Boeing test pilots lifted the nose of 787 Dreamliner during a 130-knot run down the runway at Paine Field Saturday in what is likely the precursor for a first flight on Tuesday. Last week Boeing announced the prototype had been structurally approved by company engineers and would be ready for first flight beginning Dec. 15, complete with a webcast that goes live 24 hours prior to first flight. The flight is expected to take about three hours and transfer the 787 from Paine Field to Boeing Field, near Seattle. As for the exact date, weather won't be the only determining factor. The company says that it will perform internal reviews and still needs final paperwork from the FAA. The aircraft is two years behind schedule, but for a project still in development, it has also attracted a record number of orders (totaling about 850, back in August) ... and many cancellations.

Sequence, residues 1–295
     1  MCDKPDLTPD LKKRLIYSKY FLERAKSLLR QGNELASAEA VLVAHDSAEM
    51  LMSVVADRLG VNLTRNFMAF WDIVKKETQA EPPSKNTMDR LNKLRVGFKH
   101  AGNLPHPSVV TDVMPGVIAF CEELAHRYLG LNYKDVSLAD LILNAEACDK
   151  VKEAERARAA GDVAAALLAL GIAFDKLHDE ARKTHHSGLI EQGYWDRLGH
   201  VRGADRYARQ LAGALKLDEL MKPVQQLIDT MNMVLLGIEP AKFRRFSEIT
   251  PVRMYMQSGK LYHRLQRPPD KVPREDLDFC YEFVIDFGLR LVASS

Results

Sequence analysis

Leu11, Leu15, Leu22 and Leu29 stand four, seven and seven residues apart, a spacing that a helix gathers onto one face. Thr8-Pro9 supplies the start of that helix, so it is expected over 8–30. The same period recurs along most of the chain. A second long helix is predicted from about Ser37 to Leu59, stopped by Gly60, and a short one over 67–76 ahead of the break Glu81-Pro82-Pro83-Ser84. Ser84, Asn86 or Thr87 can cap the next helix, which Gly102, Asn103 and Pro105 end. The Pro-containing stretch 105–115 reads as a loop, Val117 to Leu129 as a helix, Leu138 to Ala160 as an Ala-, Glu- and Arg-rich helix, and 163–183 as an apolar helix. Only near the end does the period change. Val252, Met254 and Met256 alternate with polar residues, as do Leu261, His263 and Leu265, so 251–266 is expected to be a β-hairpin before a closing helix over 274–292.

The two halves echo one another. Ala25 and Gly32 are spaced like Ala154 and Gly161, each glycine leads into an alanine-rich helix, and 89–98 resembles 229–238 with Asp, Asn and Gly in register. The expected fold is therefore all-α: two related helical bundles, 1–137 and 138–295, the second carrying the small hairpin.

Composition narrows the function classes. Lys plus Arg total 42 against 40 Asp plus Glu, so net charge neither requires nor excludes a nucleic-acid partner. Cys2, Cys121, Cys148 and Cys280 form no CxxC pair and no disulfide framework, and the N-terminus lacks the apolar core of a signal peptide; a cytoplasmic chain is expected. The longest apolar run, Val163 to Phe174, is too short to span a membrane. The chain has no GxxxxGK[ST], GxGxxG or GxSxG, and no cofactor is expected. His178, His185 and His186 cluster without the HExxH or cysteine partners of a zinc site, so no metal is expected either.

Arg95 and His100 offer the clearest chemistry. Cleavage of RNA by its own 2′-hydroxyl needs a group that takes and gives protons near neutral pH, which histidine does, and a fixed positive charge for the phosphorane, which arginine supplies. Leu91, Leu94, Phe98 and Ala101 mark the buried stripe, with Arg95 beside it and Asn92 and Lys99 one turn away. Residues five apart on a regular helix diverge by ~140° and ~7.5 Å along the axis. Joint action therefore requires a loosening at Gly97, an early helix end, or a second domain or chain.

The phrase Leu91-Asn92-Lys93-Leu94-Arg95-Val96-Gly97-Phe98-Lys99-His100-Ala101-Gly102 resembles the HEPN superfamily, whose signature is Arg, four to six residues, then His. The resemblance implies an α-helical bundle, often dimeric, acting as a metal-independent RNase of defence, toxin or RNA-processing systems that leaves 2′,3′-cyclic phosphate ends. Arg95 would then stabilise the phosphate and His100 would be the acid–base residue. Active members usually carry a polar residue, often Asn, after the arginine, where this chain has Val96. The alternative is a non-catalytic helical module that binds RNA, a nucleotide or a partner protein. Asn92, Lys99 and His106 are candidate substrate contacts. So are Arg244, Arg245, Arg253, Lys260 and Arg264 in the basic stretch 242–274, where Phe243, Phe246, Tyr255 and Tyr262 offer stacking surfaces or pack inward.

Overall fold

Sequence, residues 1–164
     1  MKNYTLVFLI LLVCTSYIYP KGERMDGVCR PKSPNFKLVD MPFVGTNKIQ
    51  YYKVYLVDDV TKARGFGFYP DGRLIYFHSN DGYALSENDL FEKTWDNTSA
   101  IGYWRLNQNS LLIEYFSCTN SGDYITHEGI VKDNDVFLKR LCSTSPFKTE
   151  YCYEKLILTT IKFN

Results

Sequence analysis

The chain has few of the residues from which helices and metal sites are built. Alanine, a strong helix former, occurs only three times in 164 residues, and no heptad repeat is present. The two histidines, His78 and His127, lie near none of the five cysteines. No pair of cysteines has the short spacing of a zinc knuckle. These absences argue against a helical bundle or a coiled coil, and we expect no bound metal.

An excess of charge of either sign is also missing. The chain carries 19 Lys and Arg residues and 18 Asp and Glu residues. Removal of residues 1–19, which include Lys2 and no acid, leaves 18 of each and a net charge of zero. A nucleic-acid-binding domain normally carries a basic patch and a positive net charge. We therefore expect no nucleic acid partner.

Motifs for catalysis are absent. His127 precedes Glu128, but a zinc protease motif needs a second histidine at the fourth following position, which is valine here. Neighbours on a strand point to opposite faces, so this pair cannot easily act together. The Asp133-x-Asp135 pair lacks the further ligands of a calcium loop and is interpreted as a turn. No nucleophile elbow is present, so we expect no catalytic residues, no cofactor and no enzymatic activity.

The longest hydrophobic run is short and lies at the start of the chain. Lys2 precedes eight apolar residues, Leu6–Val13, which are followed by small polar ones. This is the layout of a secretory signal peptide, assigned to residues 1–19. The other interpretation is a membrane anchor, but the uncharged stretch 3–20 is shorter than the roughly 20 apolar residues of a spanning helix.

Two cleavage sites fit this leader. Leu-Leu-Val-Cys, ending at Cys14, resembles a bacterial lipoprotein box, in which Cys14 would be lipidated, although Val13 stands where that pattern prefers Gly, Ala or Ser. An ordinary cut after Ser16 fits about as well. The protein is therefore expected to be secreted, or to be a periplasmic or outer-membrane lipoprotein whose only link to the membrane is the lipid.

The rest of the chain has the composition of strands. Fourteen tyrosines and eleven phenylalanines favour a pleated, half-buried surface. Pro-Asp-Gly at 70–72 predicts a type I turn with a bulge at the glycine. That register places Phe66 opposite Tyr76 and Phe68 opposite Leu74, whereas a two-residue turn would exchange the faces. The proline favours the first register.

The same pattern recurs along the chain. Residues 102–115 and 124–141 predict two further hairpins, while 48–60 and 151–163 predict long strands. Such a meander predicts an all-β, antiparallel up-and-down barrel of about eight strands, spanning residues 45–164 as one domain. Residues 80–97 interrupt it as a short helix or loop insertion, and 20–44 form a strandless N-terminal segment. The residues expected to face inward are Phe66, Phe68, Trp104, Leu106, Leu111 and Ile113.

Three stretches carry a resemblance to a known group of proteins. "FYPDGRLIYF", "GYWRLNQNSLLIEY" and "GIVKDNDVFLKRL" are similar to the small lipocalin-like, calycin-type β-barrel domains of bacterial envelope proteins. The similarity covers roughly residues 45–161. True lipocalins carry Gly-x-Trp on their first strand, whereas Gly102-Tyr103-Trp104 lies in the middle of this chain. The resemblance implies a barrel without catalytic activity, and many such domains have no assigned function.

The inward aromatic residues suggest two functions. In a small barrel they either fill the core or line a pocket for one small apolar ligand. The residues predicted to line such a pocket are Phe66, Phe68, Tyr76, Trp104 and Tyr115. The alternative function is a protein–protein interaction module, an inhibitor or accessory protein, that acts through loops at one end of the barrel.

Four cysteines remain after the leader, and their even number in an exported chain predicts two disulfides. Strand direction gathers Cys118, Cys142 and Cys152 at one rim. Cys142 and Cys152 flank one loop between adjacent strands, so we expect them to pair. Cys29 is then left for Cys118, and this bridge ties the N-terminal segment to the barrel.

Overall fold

The promise of the 787 is that of a higher-efficiency airliner that consumes 20 percent less fuel than comparable aircraft and costs 30 percent less to maintain. The project has been beset with multiple delays and, most recently, unforeseen structural complications. Current prices have the Dreamliner selling for anywhere from $105 million to $205 million, according to Reuters.